Independence of whistleblowers must be assured, say unions
Unions say freedom to speak up guardians’ ability to voice concerns in primary care is compromised
Steps must be taken to ensure the independence of whistleblowers, say healthcare unions.
RCN and Unite were responding to a consultation by NHS England on its draft guidance for staff who raise concerns about workplace issues in primary care.
The Freedom to Speak Up in Primary Care draft guidance, published last month, acknowledged that healthcare professionals who work for small providers can find it difficult to raise concerns confidentially or anonymously, and feel there is a greater risk to their jobs if they do so.
The draft guidance says all primary care providers should have an individual who can act as a freedom to speak up guardian who is independent of line management and not the direct employer. This person would be a point of contact and support for staff who raise concerns.
In its response, the RCN said it supports the guidance, but thought that smaller providers would need support in selecting a guardian.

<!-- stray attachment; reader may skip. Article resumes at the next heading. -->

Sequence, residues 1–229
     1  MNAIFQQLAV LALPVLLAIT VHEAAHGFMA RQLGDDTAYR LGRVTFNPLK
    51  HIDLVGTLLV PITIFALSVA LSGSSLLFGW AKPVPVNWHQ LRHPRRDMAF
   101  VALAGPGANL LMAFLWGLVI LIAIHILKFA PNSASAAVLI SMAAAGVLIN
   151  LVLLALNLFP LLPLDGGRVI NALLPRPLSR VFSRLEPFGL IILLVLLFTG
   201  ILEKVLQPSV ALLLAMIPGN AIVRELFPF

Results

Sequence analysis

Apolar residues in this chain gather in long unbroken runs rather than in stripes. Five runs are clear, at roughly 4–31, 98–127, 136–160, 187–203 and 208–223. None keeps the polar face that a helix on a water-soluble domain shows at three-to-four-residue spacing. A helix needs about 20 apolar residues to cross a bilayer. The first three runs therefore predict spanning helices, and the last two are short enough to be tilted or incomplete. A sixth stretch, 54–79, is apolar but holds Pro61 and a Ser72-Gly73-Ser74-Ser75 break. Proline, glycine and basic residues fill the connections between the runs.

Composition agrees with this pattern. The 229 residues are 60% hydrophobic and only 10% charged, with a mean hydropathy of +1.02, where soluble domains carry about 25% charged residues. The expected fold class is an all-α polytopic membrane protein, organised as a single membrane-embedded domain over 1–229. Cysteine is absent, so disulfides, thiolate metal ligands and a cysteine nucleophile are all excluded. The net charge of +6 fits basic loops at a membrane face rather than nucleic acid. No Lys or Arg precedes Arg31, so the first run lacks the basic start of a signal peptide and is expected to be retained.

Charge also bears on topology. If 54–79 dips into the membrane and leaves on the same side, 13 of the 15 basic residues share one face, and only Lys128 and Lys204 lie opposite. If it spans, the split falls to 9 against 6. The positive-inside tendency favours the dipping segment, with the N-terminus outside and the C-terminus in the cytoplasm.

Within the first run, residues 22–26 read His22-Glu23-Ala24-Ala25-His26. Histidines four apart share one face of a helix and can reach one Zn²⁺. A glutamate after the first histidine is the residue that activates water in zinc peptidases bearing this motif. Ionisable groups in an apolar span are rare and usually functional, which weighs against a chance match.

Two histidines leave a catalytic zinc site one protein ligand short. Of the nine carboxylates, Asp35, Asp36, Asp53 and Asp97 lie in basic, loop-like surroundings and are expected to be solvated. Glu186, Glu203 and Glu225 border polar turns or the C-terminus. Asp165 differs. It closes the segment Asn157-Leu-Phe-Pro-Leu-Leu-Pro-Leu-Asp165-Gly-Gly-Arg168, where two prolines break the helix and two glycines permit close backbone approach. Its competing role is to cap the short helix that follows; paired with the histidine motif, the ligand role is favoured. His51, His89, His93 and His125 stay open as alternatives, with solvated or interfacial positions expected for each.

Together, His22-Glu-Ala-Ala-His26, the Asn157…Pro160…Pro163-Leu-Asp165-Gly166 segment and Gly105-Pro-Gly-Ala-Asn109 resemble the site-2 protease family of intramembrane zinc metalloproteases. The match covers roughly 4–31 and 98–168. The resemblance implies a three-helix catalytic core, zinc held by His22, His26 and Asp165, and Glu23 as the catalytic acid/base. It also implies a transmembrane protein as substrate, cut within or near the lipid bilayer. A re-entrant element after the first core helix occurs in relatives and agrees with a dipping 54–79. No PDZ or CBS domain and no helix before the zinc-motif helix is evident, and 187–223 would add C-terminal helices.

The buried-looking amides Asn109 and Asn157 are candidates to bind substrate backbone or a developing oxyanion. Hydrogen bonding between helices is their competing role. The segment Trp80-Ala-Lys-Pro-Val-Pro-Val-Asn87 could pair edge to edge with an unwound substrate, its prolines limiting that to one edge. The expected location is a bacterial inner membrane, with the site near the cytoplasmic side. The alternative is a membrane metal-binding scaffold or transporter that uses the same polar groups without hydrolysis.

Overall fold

An RCN spokesperson said: ‘The RCN has previously called for a high-level review of how the funding for these roles is to be achieved, with consideration given to the central funding of local positions, in order to avoid funds being pulled away from front line services.’
To contribute towards wider cultural change, the college said NHS England should continue to focus on issues such as bullying, harassment and staff wellbeing.
Unite also supports the guardian role but wants a degree of separation between the employer and the guardian. Its national officer for health Colenzo Jarrett-Thorpe, said: ‘On many occasions it is senior management within organisations who are also part of the problem, and it is difficult to see how the guardian will be able to address this if they too are an employee of the same organisation.’
The NHS England guidance follows Sir Robert Francis’ 2015 Freedom to Speak Up report into NHS whistleblowing which raised examples of staff being bullied and not receiving the support they needed when they raised concerns.
To read Freedom to Speak Up in Primary Care draft guidance click here